The novel’s settings are absolutely spectacular too. Not only do we get to spend time in rural and urban Australia, but there are also islands, sci-fi horror novel-style secret bases and treacherous seas too. All of these places are used for spectacularly thrilling set-pieces – with the best probably being an utterly gripping “Die Hard”-style scene set on board a train.

And, yes, “Die Hard” is a good comparison to make. Because one of the great things about this novel is that the characters often have to rely on their brains rather than on their guns or fists. Seriously, many of the best and most thrilling scenes in this novel aren’t when Kurt is punching or shooting someone, but when doing such a thing isn’t an option.

Not only are these scenes an intriguing puzzle for the reader (eg: “How will Kurt get out of this alive?”) but they also allow for some of the novel’s funniest moments too (such as one involving a NUMA vessel intercepting a cargo ship). Seriously, anyone can write about gunfights or fistfights, but it takes a lot more skill to thrill the audience by putting the characters in situations where these aren’t practical.

And, yes, the novel occasionally has a few contrived moments. But this doesn’t matter since you’ll be so swept up in the story, that you’ll probably just shrug them off because you’ll want to know what happens next. And, yes, even though this novel does seem like an elaborately constructed theme park ride or a symphony performed with mechanical perfection, this doesn’t matter because it is fun.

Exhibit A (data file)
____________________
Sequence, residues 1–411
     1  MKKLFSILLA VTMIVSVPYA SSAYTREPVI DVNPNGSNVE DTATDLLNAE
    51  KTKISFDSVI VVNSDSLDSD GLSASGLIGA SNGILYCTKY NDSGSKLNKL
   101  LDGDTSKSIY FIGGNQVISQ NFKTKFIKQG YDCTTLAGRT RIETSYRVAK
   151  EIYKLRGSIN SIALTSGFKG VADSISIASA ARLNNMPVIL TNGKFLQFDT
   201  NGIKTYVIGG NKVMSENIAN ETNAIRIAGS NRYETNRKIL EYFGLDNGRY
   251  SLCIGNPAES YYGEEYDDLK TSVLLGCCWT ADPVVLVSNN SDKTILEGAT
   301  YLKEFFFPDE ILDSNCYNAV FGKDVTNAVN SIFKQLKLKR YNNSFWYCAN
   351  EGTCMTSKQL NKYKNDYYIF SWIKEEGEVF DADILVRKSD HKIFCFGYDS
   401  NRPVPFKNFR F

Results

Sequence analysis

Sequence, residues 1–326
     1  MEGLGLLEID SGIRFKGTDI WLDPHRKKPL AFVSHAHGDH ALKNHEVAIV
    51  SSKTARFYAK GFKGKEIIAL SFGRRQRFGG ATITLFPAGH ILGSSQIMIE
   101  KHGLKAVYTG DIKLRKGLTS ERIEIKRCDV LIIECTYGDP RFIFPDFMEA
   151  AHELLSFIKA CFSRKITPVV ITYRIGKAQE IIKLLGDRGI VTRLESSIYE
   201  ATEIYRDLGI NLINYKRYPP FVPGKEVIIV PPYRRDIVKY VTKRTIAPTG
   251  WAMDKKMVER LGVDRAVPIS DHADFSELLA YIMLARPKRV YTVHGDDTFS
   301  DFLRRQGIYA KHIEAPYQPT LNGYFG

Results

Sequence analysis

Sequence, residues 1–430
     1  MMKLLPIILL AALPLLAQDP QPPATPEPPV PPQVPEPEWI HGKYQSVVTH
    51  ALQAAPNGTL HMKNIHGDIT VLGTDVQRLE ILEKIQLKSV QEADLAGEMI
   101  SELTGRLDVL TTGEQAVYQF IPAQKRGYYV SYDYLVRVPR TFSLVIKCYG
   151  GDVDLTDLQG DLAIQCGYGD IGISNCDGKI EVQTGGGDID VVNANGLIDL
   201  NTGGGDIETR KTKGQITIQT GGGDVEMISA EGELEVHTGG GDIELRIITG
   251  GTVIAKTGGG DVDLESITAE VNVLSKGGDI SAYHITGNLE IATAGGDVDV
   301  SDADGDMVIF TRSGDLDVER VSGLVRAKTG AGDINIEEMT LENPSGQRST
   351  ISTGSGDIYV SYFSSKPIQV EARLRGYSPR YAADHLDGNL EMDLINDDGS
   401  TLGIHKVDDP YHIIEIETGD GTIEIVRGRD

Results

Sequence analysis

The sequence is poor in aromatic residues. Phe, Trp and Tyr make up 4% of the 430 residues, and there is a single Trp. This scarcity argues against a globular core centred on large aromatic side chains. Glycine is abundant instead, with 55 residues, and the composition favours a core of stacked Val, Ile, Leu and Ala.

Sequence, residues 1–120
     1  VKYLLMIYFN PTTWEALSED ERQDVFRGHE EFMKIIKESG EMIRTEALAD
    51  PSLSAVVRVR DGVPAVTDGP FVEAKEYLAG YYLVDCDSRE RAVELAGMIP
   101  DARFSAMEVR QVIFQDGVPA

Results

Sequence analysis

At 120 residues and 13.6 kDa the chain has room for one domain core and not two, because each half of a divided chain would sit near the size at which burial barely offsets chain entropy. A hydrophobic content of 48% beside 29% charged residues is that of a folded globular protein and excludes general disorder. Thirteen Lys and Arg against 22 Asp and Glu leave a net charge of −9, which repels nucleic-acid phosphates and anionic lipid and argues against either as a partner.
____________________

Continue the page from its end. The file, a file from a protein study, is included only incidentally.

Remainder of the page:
All in all, this is basically all of the great action movies of the 1990s in book form. It’s an incredibly fun modern novel that is better than many multi-million dollar films. It is a textbook example of a thriller novel performed to perfection. It’s the sort of thing that demands to be read in blissfully exhausting two-hour chunks, with some old-school heavy metal music playing in the background.

If I had to give it a rating out of five, it would get a five.

Today’s Art (25th November 2018)

Woo hoo! Here’s the fifth (and penultimate) comic in “Damania Revisited”, a mini series of modern remakes of some of my really ancient “Damania” comics from 2012/13.

Although writer’s block was the main reason for making remakes rather than new comics, I’ve been meaning to make a mini series like this since 2016 (in fact, my revival of the series in that year was originally planned to start with a series of remakes). Still, if you want to catch up on more recent comics featuring these characters, all of the comics made since 2015 can be found here. You can also catch up with comics from this mini series here: Comic One, Comic Two, Comic Three, Comic Four